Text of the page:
Chugach Alaska Corporation (Chugach) is one of the thirteen regional Alaska Native corporations created by the Alaska Native Claims Settlement Act (ANCSA) as amended by the Alaska National Interest Land Conservation Act (ANILCA). The Chugach Region comprises some 10 million acres in South-central Alaska. Chugach is entitled to 928,000 acres, of which approximately 378,000 acres are full fee entitlement and 550,000 acres of subsurface estate. At this time, Chugach has received 94% of its total entitlement. Chugach has selected lands that have potential for economic development including commercial timber land, mineral estates as well as lands that have potential for tourism, and lands of cultural and historical importance to the Chugach people.
The coastal portions of the Chugach region support mixed sitka spruce and western hemlock forests. Natural regeneration and short maturation periods make this renewable resource a strong asset for the corporation and its shareholders. Chugach employs ecologically sound timber management strategies and follows the Forest Practices Act, Best Management Practices, to ensure this resource is available for future generations.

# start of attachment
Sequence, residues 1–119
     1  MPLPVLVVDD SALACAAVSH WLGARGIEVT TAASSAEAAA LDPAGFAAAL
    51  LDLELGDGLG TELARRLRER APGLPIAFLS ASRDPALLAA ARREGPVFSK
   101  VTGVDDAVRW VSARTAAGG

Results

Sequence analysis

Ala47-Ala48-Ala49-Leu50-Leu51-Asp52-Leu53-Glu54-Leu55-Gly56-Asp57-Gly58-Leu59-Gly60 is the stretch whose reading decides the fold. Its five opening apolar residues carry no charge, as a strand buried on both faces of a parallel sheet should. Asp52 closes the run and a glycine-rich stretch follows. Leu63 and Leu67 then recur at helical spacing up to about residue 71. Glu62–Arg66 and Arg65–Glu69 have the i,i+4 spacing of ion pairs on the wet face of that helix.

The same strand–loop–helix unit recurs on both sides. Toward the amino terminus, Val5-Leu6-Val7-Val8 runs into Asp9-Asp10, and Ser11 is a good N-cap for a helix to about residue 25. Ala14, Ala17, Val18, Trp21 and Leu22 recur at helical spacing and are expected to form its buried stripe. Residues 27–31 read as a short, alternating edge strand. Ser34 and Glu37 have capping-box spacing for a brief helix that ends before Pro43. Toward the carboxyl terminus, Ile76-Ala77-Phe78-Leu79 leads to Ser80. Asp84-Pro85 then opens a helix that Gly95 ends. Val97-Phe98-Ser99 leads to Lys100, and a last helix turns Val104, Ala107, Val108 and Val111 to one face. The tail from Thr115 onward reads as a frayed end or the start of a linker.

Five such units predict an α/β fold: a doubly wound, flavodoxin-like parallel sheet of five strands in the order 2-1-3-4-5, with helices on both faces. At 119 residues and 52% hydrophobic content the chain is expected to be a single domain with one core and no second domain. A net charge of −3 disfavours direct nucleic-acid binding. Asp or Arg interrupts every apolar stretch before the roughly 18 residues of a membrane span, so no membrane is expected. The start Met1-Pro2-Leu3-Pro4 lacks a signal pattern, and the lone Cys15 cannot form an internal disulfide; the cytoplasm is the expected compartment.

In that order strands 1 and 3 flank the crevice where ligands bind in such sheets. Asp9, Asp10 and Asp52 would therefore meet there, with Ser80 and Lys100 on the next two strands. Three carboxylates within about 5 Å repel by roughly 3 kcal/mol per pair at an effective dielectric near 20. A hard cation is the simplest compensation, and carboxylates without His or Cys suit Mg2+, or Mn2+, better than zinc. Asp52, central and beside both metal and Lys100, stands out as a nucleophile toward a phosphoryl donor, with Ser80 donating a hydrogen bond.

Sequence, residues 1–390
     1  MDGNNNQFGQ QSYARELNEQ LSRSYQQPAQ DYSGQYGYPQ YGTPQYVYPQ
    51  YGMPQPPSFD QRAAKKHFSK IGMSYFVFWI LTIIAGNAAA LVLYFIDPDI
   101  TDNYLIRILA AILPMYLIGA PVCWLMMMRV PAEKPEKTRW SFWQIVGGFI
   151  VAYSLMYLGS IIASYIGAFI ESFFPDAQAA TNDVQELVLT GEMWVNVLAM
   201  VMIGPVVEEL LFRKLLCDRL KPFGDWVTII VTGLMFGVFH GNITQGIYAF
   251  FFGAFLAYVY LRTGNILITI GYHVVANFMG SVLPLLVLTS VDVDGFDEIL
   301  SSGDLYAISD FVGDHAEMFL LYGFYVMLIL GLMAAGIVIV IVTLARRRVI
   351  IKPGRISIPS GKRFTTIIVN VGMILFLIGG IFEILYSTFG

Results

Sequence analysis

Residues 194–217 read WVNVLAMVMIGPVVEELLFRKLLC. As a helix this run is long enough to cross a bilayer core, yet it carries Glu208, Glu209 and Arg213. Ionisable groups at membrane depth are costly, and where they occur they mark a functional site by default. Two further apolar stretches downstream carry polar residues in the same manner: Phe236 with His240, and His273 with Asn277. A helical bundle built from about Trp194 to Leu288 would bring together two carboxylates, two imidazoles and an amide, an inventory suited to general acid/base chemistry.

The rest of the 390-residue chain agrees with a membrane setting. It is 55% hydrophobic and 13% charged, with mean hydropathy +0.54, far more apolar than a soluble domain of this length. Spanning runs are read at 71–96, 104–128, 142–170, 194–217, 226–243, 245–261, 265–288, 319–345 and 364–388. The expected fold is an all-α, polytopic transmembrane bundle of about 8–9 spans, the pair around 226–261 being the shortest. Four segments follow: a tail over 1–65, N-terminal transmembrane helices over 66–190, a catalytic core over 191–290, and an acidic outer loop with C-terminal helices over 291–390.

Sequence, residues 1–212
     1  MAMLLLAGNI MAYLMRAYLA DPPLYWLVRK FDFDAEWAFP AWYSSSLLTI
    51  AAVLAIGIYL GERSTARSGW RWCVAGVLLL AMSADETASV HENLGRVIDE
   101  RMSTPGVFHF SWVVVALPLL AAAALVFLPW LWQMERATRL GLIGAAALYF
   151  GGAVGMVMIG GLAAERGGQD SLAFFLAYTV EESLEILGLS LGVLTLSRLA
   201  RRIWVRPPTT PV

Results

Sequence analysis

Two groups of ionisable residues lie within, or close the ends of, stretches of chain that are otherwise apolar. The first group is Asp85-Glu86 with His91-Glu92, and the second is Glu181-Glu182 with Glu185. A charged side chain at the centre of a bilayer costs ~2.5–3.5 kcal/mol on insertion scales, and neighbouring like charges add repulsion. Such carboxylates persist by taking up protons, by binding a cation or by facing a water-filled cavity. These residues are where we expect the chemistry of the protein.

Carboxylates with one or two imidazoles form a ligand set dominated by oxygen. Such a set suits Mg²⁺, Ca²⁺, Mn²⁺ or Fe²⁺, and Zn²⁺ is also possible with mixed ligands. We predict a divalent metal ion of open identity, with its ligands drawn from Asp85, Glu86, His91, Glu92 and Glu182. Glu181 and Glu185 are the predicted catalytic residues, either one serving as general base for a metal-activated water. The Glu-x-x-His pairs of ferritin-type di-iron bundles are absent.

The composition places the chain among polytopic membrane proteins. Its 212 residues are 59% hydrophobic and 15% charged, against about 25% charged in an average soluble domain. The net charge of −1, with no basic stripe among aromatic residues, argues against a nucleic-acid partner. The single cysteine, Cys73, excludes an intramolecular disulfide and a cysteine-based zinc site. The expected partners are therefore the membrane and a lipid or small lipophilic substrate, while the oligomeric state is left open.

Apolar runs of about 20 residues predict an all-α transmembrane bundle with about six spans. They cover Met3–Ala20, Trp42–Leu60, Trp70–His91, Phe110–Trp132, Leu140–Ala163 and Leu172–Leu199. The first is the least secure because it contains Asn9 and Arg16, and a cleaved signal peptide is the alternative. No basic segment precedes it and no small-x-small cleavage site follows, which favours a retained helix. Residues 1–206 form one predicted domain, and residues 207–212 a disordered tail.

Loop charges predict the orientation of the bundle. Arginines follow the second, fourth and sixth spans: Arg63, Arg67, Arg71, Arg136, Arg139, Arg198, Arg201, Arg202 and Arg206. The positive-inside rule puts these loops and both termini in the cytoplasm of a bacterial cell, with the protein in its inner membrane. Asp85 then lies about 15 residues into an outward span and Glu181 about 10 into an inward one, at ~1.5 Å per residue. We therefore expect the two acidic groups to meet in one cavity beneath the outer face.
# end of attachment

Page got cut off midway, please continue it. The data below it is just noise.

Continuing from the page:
Historically, the Chugach region was one of the foremost mining regions in Alaska. The Beatson mine on Latouche Island and the Ellamar mine near Tatitlek yielded over 200 million pounds of copper, 52,000 ounces of gold and 1.7 million ounces of silver before closing down in the 1930’s. In addition to the properties located along the Central VMS Belt, which hosts both Besshi and Cyprus type deposits, Chugach owns mineralized property along the southern tip of the Kenai Peninsula, in the Kenai Fjords, Cordova, the Copper River Valley, and the Gulf Coast.
The Chugach region has some of the most unique and opportune tourism areas in the state. High mountain vistas, tidewater and alpine glaciers, deep fjords, protected bays and inlets, abundance of wildlife and access from major population centers make this region ideally suited for the tourism industry. Chugach owns lands within and adjacent to the Chugach National Forest and the Wrangell-St. Elias National Park. Unique landmarks include some of the largest non-polar glaciers in the world. The Columbia, Bering and Malaspina Glaciers are all accessible from Chugach’s lands. Mount Saint Elias rises from the protected waters of Icy Bay to 18,008 feet, the fourth highest mountain in North America. A major portion of Chugach’s lands lie within the Prince William Sound, which is well recognized as a visitor’s paradise.